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Robert C. Eckhardt
Member of the United States House of Representatives
In office
January 3, 1967 – January 3, 1981
Preceded by Lera Millard Thomas
Succeeded by Jack Fields
Member of the Texas House of Representatives

In office
Personal details
Born Robert Christian Eckhardt
(1913-07-16)July 16, 1913
Austin, Texas
Died November 13, 2001(2001-11-13) (aged 88)
Austin, Texas
Political party Democratic
Spouse(s) Orissa Stevenson, Nadine Ellen Cannon, Celia Morris
Children Orissa Eckhardt, Rosalind Eckhardt, Sarah Eckhardt
Religion Presbyterian
Military service
Allegiance United States United States of America
Service/branch United States Department of the Army Seal.svg United States Army
Years of service 1943-1944

Robert Christian "Bob" Eckhardt (July 16, 1913 – November 13, 2001) was a Democratic United States Representative representing the 8th District of Texas from 1967 to 1981.

Early life and family[]

Eckhardt was born in Austin, Texas on July 16, 1913. He was the grand-nephew of Democratic Congressman Rudolph Kleberg, nephew of Republican Congressman Harry Wurzbach, and a cousin of Richard Mifflin Kleberg, Sr., heir to the famous King Ranch in South Texas. Eckhardt graduated from the University of Texas at Austin in 1935 and received his law degree from the University of Texas Law School in 1939. He served in the United States Army from 1942 to 1944. Eckhardt was appointed Southwestern Director of the Office of the Coordinator of Inter-American Affairs, 1944–1945.[1]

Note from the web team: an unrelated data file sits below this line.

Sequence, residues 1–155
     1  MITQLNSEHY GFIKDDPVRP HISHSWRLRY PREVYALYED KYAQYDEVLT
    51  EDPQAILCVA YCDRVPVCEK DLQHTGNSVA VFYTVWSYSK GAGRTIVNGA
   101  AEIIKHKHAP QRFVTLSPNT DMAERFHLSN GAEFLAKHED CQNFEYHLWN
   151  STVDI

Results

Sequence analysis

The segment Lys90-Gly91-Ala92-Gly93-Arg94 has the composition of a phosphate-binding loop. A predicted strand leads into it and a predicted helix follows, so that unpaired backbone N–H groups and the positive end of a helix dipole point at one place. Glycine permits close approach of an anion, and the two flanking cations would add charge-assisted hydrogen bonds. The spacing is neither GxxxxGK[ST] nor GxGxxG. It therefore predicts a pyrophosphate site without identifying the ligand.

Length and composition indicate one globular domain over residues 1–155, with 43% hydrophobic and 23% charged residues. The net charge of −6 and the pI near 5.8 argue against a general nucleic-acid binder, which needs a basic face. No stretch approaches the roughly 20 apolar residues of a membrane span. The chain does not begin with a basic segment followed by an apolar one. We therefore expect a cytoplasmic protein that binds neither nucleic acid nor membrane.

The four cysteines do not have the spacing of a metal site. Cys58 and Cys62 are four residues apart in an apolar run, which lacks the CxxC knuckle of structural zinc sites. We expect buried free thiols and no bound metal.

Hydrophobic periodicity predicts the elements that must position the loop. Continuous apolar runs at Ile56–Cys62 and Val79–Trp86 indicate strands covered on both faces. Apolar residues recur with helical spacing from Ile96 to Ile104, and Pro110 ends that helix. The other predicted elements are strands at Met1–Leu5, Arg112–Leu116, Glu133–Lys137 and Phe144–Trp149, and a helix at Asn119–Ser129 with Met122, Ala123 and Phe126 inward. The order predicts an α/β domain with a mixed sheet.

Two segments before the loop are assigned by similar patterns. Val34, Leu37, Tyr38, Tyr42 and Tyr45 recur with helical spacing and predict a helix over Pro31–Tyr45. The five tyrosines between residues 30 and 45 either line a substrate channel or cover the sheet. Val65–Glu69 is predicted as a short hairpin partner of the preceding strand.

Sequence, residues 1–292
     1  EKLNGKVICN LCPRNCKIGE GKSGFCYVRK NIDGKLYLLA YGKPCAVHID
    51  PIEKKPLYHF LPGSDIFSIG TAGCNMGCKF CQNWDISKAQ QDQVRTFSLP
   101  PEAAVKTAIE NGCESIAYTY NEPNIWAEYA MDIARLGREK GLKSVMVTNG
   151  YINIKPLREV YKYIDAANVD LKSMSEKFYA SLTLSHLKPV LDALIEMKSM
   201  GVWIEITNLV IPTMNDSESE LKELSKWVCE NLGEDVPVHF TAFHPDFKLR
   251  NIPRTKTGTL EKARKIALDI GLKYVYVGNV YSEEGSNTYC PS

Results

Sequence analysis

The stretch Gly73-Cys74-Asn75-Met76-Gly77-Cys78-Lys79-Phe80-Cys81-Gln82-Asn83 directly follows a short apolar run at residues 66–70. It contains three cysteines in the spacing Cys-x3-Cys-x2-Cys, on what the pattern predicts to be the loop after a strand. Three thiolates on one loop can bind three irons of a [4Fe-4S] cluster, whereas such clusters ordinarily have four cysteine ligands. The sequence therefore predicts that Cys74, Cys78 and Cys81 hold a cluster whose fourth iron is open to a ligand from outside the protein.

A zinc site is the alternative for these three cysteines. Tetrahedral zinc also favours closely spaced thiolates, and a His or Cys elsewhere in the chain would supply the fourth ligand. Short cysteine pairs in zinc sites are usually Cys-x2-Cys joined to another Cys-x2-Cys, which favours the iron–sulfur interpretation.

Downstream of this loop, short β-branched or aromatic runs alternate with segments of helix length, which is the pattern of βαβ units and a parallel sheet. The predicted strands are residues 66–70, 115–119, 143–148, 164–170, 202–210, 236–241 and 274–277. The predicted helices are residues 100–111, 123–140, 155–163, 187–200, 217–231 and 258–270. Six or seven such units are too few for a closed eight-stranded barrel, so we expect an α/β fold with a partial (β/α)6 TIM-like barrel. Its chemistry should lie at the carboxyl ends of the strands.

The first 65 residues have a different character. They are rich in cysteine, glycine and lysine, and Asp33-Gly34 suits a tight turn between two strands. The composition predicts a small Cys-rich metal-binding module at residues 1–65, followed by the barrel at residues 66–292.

Political career[]

He moved to Houston, Texas and was elected a member of the Texas House of Representatives, serving from 1958 to 1966, where he compiled a fairly liberal voting record. One of Eckhardt's most enduring accomplishments in the Texas House was writing the Texas Open Beaches Act, passed in 1959.[2]

In 1966, he was elected as a Democrat in Congress representing Texas's 8th congressional district, which included most of northern Houston. Eckhardt was the sponsor of the War Powers Act and the Toxic Substances Act.[3] He was reelected six times without serious difficulty. In 1980, however, he was narrowly defeated by Jack Fields, losing by only 4,900 votes. He was also a co-founder of the Texas Observer magazine.[4]

Eckhardt died on November 13, 2001, in Austin, Texas. He was interred in Austin Memorial Park Cemetery.[5]

Books authored[]

  • Eckhardt, Bob. The Tides of Power: Conversations on the American Constitution between Bob Eckhardt, Member of Congress from Texas, and Charles L. Black Jr., Sterling Professor of Law, Yale University (New Haven: Yale University Press, 1976)


External links[]

United States House of Representatives
Preceded by
Lera Millard Thomas
Member of the U.S. House of Representatives
from Texas's 8th congressional district

Succeeded by
Jack Fields

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